“The checklist provides an additional element to motivation as the student “checks” off each item, a colored progress bar indicates the percent of progress achieved, hence, a visual and graphic stimulus giving students a competitive initiative, much like the “star on the forehead” from elementary school.”

Although a more mature approach to recognition and achievement, one produces the same student experience, albeit this one is self-conveyed. Anecdotally, students from the Critical Inquiry course responded positively to the “progress bar” and communicated their feelings of success each week. Further feedback indicates the actual tracking and anticipation of “finishing” the tasks motivated each student to cross the finish line each week.   As the instructor, I could easily monitor student progress throughout the week and use this tool to provide feedback.

Whether the course is a face to face or on-line course, the checklist can be used each week as a map to the week’s assignments. It’s quite simple to create and with the collaborative assistance of the Educational Technology Support team is easily accomplished for those wishing to add an innovative tool. The checklist is created from the “add an activity or resource” button located at the bottom of each module. The benefit of this tool allows the instructor to create a to-do list inclusive of the metacognition steps and the assignments listed in the module. The Ed Tech team can easily collaborate and support creation of this list even for those faint of heart with educational technology.

The enthusiasm of the students, the obvious boost to achievement value and automaticity in using this tool significantly improved the overall personal responsibility to learning. Informal measurement included weekly short student commentaries on their learnegy (learning energy) prior to and at the end of class. Students self-monitored their comments and the commentaries moved from confused, depressed, overwhelmed, too busy, distracted, and curious to excited, energized, organized, happy and prepared. From an educator’s perspective, both the student and the Instructor benefited personally and professionally. My story of this experience is unique and profound, especially as I watched each student blossom in confidence, production and understanding of collegiate level work. The development of metacognition skills allows a learner to shine their light on learning and rally their energy for successful strategies. The beauty is metacognition continues to develop throughout their academic and personal pursuits creating solid lifelong learning skills.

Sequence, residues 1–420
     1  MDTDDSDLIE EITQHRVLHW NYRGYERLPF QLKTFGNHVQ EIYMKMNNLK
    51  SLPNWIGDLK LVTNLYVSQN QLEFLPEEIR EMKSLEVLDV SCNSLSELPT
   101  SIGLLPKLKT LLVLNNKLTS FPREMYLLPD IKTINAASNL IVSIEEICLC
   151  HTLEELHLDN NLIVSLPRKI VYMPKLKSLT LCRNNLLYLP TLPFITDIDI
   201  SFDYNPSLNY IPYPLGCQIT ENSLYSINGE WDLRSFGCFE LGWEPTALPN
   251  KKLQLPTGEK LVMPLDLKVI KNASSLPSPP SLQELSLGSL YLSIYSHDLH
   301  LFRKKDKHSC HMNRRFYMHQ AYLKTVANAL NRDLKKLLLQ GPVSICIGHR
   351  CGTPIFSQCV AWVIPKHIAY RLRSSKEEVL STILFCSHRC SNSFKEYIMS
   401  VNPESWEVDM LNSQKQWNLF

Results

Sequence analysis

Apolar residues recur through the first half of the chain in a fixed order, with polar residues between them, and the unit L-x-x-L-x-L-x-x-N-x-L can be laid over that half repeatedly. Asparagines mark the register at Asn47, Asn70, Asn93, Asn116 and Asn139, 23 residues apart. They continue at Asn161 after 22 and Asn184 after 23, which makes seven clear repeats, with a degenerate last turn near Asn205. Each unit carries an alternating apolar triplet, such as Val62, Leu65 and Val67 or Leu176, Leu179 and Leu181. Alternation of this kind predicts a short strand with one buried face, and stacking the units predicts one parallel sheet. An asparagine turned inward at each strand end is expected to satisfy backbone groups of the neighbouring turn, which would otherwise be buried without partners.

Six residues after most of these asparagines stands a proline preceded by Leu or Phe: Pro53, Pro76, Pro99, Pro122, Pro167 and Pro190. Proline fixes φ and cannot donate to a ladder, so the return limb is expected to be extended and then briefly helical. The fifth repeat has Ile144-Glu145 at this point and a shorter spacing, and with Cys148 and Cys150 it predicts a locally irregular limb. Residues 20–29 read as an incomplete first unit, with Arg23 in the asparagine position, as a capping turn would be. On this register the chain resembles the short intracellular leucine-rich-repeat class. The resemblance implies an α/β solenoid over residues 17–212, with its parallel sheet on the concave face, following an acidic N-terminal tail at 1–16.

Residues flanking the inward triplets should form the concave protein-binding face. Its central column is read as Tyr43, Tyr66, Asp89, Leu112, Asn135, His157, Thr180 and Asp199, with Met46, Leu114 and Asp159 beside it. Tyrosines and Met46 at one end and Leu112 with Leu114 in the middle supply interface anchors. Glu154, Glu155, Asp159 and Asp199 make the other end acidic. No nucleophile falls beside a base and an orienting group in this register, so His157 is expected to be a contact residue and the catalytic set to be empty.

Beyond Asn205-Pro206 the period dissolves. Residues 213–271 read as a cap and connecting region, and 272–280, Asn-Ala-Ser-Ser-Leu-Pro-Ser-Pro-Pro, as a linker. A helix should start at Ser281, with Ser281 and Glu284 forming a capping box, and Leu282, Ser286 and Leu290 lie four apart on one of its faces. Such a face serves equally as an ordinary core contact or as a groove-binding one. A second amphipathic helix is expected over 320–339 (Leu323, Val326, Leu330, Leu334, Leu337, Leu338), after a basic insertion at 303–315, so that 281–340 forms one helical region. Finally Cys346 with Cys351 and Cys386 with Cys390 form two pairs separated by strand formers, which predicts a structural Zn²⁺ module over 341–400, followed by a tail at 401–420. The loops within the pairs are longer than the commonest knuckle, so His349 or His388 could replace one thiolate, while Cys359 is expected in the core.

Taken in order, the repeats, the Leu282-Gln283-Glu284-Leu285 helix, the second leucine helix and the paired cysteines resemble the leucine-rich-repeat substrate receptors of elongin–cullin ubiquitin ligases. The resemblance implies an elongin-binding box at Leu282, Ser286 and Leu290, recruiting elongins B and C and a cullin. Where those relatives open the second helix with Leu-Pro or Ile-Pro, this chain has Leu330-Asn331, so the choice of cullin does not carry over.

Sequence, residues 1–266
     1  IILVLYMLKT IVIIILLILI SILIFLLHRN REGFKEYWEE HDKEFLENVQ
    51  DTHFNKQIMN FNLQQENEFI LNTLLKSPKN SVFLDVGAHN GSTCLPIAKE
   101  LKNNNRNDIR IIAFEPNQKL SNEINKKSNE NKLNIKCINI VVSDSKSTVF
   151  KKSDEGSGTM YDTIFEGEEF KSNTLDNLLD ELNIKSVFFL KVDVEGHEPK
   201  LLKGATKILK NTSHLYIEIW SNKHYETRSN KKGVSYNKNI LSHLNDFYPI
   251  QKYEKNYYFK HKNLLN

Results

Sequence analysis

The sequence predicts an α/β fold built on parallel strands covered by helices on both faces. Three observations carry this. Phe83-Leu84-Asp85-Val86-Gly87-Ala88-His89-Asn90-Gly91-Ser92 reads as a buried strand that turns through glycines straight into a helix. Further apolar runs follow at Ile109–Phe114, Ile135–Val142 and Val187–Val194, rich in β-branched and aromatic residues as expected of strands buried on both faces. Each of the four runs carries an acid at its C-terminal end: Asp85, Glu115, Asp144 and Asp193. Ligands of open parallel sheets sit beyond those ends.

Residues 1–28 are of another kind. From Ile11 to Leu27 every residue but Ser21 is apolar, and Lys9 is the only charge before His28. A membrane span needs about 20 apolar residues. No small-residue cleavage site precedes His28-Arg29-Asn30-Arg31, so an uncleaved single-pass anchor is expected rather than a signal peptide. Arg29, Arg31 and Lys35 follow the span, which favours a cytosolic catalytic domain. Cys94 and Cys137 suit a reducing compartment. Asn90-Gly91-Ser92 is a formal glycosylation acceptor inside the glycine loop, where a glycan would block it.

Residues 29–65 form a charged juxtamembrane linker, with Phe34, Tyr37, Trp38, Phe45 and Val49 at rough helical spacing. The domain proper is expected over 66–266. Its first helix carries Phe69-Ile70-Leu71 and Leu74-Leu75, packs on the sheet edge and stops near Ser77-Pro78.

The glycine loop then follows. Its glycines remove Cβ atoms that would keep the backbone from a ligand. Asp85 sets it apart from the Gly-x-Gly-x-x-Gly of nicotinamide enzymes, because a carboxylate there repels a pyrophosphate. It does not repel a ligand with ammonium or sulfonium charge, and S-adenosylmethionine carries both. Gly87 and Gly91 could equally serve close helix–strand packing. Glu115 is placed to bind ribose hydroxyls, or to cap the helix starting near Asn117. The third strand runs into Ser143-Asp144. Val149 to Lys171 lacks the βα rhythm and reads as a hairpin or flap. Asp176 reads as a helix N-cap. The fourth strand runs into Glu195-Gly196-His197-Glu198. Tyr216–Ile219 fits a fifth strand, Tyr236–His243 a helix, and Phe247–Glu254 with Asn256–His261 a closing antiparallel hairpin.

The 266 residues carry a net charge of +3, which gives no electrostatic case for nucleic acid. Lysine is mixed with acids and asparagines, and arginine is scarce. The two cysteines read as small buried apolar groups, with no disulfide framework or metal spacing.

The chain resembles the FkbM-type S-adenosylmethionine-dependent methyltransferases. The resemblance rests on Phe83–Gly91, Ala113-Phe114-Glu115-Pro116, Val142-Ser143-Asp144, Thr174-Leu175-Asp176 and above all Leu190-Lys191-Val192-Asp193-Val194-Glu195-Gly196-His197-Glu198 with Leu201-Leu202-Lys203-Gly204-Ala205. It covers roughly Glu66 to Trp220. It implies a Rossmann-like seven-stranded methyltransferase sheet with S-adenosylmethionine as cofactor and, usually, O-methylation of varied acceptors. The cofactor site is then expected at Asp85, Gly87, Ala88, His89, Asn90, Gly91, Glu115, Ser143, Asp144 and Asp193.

About the author:  This article was written by Lisa Lee, a Granite State College faculty who communicates expectations openly to her students, speaks often of “Educational Excellence,” and provides her students an opportunity to make connections between their learning and their life.  Her career started with a 25 year journey in Human Resources as a Recruiter/Trainer and independent Workshop Developer/Trainer when she switched gears to a Psychology Instructor with the Community College System of NH.  She attended the College for Lifelong Learning, now GSC, as an adult learner and attained a B.S. in Behavioral Sciences in 2006, completed her Master’s degree in 2008 in Education and most recently she completed a post-Master’s Certificate in the Neurodevelopmental Approach to Teaching from Plymouth State University.  Lisa has taught many courses since 2008 ranging from Psychology to English to GSC courses in Group Communications and now Critical Inquiry 501.  Throughout these courses, she has shared her philosophy of “THINK IT, FEEL IT, BE IT,” and connecting cognitive understanding to emotional experiences to create an action oriented application to one’s life, thereby, creating a cycle of learning, knowing and being.  If you would like to contact Lisa, you may send an email to: lisafree2bme@gmail.com.


Reference: Open Learning Initiative http://oli.cmu.edu